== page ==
comics make the heart grow fonder

Edmund and Rosemary Go To Hell: A Story of Our Times with (Hopefully) Some Hope for Us All  by Bruce Eric Kaplan 2007

A very New-Yorkery tale from a New Yorker cartoonist about discovering you’re not going to go to hell, because you’re already there.

Futurama Adventures  by Matt Groening, etal 2004

Reminiscent enough of the hilarious cartoon series to be mildly amusing.

Thunderhead Underground Falls  by Joel Orff 2007

Winsome woodcut-style rumination on love found too late and the hidden cost of enlisting in the army.

Batman. Snow  story by J.H. Williams III and Dan Curtis Johnson, art by Seth Fisher 2005

Picked it up assuming that Williams’ name on the cover meant I’d be treated to some of his stunning art and page layouts. Ah well.

John Woo’s 7 Brothers, vol 1  created by John Woo, script by Garth Ennis, art by Jeevan Kang 2007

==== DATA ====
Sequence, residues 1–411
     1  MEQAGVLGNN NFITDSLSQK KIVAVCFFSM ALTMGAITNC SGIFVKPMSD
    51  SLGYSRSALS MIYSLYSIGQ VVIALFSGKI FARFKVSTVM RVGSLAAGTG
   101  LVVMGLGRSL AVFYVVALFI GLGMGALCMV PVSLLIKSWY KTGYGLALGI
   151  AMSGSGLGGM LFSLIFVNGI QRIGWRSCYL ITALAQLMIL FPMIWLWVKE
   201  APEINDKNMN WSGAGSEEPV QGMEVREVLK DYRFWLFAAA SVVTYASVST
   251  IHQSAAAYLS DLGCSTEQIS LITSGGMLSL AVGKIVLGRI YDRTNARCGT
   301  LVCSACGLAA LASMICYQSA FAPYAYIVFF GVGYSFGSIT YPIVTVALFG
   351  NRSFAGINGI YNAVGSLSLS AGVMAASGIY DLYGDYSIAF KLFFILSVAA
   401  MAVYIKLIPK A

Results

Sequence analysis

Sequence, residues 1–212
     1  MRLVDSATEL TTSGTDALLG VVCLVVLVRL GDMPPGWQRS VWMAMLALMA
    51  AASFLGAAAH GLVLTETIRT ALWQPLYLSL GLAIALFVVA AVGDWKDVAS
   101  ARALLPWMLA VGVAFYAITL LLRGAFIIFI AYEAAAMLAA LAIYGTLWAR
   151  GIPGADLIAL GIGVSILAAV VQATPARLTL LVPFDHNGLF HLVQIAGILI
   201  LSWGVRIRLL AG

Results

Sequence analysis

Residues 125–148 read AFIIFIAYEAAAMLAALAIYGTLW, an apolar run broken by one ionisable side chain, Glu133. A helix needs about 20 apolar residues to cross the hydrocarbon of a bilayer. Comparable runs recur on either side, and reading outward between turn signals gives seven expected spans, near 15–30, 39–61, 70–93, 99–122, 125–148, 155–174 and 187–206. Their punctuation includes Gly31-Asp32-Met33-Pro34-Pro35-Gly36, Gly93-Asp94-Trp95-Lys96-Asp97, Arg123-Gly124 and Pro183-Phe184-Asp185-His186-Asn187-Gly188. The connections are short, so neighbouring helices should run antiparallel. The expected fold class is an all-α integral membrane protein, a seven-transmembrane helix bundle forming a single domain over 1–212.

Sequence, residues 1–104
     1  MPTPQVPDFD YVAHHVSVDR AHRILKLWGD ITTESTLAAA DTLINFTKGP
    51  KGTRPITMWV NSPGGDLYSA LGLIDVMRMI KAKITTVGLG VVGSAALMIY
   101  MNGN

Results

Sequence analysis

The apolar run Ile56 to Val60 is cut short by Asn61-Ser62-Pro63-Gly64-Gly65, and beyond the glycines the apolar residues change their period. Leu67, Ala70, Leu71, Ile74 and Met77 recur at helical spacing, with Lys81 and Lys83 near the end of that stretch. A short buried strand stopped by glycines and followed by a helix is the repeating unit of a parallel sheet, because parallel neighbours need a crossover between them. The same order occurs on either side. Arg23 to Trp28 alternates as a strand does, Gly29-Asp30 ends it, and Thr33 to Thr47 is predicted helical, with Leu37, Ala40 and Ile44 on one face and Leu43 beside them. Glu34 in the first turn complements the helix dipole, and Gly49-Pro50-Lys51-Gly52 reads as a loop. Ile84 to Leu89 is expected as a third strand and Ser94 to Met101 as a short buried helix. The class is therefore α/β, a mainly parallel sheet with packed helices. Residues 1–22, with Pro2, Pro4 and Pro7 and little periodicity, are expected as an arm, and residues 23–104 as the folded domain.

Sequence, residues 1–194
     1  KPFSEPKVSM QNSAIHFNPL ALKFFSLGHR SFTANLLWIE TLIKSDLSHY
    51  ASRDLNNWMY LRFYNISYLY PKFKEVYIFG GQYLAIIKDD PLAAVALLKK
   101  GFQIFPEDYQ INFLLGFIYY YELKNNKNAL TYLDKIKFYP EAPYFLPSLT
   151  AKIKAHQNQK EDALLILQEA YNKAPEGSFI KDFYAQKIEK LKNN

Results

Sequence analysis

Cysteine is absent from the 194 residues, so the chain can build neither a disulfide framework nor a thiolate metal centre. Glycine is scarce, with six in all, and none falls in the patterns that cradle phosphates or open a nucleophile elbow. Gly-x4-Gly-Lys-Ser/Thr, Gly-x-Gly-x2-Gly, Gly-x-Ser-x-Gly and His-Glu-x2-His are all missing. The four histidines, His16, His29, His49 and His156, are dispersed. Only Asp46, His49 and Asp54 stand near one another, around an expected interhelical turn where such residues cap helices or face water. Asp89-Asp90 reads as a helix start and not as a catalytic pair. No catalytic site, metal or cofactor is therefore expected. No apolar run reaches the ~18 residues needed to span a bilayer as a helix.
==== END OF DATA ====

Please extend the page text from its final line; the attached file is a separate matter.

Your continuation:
A story of magic, genetic destiny, and the end of the world. Excellent. The plot, characters, and dialogue are all top-notch. And the art is fantastic, kind of like a blend of Francois Schuiten and Yoshitaka Amano (who incidentally does the covers.)

The Three Paradoxes  by Paul Hornschemeier 2007

Superbly plotted, quietly reminiscent biopic tale of going home again, intercut with scenes of the frustrated artistic process. The use of cartoonish art for the childhood flashbacks is especially effective. One of my favorite comics in quite a while.

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